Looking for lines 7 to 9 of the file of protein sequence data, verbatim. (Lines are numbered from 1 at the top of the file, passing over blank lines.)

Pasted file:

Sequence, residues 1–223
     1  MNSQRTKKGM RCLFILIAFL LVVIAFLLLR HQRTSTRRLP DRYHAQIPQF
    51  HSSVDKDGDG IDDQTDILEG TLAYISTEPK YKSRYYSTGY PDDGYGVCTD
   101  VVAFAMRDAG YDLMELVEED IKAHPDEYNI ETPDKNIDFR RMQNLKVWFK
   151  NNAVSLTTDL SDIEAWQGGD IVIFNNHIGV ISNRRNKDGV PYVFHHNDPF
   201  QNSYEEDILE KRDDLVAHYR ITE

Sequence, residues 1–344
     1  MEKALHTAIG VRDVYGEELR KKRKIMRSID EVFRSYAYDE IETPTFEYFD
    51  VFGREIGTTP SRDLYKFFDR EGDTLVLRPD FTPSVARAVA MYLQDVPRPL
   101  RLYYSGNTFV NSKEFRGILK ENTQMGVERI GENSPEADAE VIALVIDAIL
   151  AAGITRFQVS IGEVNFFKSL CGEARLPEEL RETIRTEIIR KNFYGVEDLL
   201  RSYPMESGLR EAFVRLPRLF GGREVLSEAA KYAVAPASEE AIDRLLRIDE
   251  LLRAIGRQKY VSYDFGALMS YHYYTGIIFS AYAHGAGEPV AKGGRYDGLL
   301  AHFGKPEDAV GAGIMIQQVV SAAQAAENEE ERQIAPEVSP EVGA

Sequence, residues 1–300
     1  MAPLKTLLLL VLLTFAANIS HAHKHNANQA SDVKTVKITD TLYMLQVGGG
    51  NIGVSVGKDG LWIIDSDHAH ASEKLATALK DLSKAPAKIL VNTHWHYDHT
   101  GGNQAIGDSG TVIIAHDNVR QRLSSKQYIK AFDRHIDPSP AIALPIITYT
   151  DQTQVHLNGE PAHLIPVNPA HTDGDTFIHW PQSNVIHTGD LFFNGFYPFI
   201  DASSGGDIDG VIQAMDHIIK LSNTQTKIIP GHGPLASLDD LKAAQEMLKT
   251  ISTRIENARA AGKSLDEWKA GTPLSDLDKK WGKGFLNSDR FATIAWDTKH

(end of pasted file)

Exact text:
Sequence, residues 1–344
     1  MEKALHTAIG VRDVYGEELR KKRKIMRSID EVFRSYAYDE IETPTFEYFD
    51  VFGREIGTTP SRDLYKFFDR EGDTLVLRPD FTPSVARAVA MYLQDVPRPL